Connolly’s departure from Harvard was on a much different note. “I went to see the chairman of the athletic committee about a leave of absence,” he recalled in his 1944 autobiography. “One peek at the chairman’s puss told me here was no friendly soul.”
The chairman questioned his motives for attending the games, implying that he was simply looking for an opportunity to gallivant through Europe. Connolly recounted the exchange:
“You feel that you must go to Athens?”
“I feel just that way, yes, sir.”
“Then here is what you can do. You resign and on your return, you make reapplication to the college, and I will consider it.”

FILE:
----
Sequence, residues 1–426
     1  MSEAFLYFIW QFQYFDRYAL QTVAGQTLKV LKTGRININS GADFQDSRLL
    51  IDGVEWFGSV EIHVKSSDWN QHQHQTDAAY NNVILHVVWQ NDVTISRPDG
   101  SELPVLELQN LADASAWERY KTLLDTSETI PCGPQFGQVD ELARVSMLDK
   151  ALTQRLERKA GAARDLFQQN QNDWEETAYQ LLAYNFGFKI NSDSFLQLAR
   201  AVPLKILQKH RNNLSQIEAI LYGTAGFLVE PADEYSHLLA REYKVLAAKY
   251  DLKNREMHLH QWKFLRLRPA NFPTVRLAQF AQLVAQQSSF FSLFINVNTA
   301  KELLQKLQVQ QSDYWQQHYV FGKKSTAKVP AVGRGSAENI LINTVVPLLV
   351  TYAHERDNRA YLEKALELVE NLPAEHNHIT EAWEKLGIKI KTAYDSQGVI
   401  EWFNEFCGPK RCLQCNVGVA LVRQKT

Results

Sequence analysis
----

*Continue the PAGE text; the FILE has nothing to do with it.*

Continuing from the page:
To that, I said: ‘I am not resigning and I’m not making application to re-enter. I’m through with Harvard right now. Good day!’
It was ten years before I again set foot in a Harvard building, and then it was as a guest speaker of the Harvard Union; and the occasion nourished my ego no end."
Just before the BAA members were set to depart for Athens, there was a crisis: Burnham’s efforts to raise money to pay for the trip had fallen short. The BAA’s politically connected and deep-pocketed membership saved the day. Former governor of Massachusetts Oliver Ames, a longtime BAA member, jumped in and managed to marshal the funds to cover the shortfall in three days.
As John Kieran and Arthur Daley wrote in their 1936 Story of the Olympic Games:
“With passage paid and enough money to provide board and lodging in Greece and return tickets to Boston, the little team started on what was to be a triumphal journey and the beginning of United States ascendancy in the modern Olympic Games.”